Westminster Confession of Faith Ch. 8 Art’s 2,3,7
2. The Son of God, the second person of the Trinity, being truly and eternally God, of one substance and equal with the Father, did, when the fullness of time had come, take upon Himself man’s nature, with all its essential properties and common frailties, yet without sin. He was conceived by the power of the Holy Spirit in the womb of the virgin Mary and of her substance. In this way, two whole natures, the divine and the human, perfect and distinct, were inseparably joined together in one person without being changed, mixed, or confused. This person is truly God and truly man, yet one Christ, the only mediator between God and man.
3. In His human nature, united to the divine nature, the Lord Jesus was set apart and anointed with the Holy Spirit beyond measure, having in Him all the treasures of wisdom and knowledge. In Him the Father was pleased to have all fullness dwell, so that—being holy, blameless, and undefiled, full of grace and truth—He might be completely equipped to fulfill the office of a mediator and guarantor. He did not take this office to Himself but was called to it by His Father, who put all power and judgment into His hand and commanded Him to execute it.
7. In the work of mediation, Christ acts according to both natures. Each nature does what is proper to itself; yet, by reason of the unity of His person, that which is proper to one nature is in Scripture sometimes attributed to the person designated by the other nature.
Congregation of the Lord Jesus Christ,
If something incredible happened at Middleton Grange Christian School a few days ago, and it was your job to find out what happened and to write down a report about it, you would probably try and speak to the people involved or the people who saw what happened or written reports about the incident so that you could get the facts correct. Right?
Well, this is exactly what Luke the author of the Gospel of Luke did in regards to the life of the Lord Jesus. He tells us at the beginning of his Gospel that he carefully investigated the accounts of those who were eye-witnesses of the events surrounding the life of Jesus. And he used their reports and his interviews to put together his “ORDERLY ACCOUNT.”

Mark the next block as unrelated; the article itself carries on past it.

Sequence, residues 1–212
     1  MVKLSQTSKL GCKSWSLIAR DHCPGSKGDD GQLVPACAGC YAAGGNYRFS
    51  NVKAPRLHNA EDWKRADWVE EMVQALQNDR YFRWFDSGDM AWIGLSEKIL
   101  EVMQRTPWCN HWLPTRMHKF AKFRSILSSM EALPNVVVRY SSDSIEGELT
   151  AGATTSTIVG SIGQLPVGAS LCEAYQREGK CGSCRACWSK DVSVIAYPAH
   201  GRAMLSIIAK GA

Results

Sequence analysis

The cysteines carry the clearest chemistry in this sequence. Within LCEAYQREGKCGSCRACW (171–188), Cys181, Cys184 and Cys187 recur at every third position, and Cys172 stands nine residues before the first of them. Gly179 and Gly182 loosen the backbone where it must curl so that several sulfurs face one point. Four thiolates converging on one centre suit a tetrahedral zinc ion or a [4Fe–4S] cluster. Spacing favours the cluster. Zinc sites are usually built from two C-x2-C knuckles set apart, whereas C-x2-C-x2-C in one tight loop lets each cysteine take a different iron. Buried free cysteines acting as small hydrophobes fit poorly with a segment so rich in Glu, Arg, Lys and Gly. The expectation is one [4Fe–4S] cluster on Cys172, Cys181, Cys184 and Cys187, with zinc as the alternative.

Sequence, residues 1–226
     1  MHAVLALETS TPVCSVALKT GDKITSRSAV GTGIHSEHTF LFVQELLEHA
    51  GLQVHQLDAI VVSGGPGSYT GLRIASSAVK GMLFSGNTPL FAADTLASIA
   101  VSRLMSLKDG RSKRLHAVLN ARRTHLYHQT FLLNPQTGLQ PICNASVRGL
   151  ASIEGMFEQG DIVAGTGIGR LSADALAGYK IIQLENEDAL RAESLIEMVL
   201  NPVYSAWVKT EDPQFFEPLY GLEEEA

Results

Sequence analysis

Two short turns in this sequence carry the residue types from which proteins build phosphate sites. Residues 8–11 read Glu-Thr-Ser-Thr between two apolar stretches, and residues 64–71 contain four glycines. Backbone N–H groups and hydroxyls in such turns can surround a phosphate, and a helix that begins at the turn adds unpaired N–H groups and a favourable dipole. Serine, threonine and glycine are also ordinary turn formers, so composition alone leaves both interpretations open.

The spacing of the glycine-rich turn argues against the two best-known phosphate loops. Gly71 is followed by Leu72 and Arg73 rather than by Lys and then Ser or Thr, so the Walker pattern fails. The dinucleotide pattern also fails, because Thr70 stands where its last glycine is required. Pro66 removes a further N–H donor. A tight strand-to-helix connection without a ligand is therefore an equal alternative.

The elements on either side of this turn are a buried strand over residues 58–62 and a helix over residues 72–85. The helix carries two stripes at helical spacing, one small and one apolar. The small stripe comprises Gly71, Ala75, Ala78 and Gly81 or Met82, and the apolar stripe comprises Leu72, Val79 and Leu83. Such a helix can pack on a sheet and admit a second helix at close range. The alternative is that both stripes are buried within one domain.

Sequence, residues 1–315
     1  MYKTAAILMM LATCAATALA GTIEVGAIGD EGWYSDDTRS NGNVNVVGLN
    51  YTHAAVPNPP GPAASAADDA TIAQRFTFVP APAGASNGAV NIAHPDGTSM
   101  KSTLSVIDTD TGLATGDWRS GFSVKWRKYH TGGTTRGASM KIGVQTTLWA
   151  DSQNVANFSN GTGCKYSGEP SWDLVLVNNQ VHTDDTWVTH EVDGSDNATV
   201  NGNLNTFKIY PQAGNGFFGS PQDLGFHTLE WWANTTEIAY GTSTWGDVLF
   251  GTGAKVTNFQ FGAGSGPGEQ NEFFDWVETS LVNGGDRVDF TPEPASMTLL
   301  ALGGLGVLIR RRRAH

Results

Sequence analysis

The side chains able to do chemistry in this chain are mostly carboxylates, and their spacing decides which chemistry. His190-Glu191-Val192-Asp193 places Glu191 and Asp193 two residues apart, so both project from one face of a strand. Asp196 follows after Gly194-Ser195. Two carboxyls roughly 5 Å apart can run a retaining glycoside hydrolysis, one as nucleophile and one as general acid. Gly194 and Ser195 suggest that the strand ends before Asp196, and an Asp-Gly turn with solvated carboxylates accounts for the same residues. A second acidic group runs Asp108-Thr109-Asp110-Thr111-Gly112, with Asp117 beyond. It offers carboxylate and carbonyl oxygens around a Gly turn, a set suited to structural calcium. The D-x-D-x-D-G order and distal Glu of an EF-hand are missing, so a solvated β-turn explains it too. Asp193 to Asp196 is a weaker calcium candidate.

So the record of the appearance of the angel Gabriel to Mary, which we read a few moments ago, is a part of Luke’s “orderly account.” And the meeting between Mary and Elizabeth that followed, and the birth of John the Baptist, and the birth of the Lord Jesus, and the appearance of the angels to the shepherds, and then the reactions of a number of people to Jesus’ birth are also all part of Luke’s “orderly account.”
But they are so much more than just an “orderly account,” aren’t they.
For a start, these aren’t just ordinary events! These are the events surrounding the birth of the Saviour! They are words that we should always find awe-inspiring and fascinating and fresh and gripping and soul-uplifting!
And secondly, we know that the Holy Spirit guided the thoughts and the words of Luke as he wrote these words. So they are not just a human account of the events surrounding the birth of Jesus; they are the Word of God!
But, while they are the word of God, they give us a very human perspective of Christ’s birth – a record of the things people saw and heard and did, and their reactions to His birth. What we have in the verses of Hebrews before us today, however, is GOD’S PERSPECTIVE ON THE BIRTH OF CHRIST. There is no baby in a manger or shepherds or wise men in this passage. What there is is a divine perspective on the person and work of the Lord Jesus Christ. And while we could spend weeks exploring the great truthes contained in these verses, we will summarize these verses in four parts and then end with one question in four parts.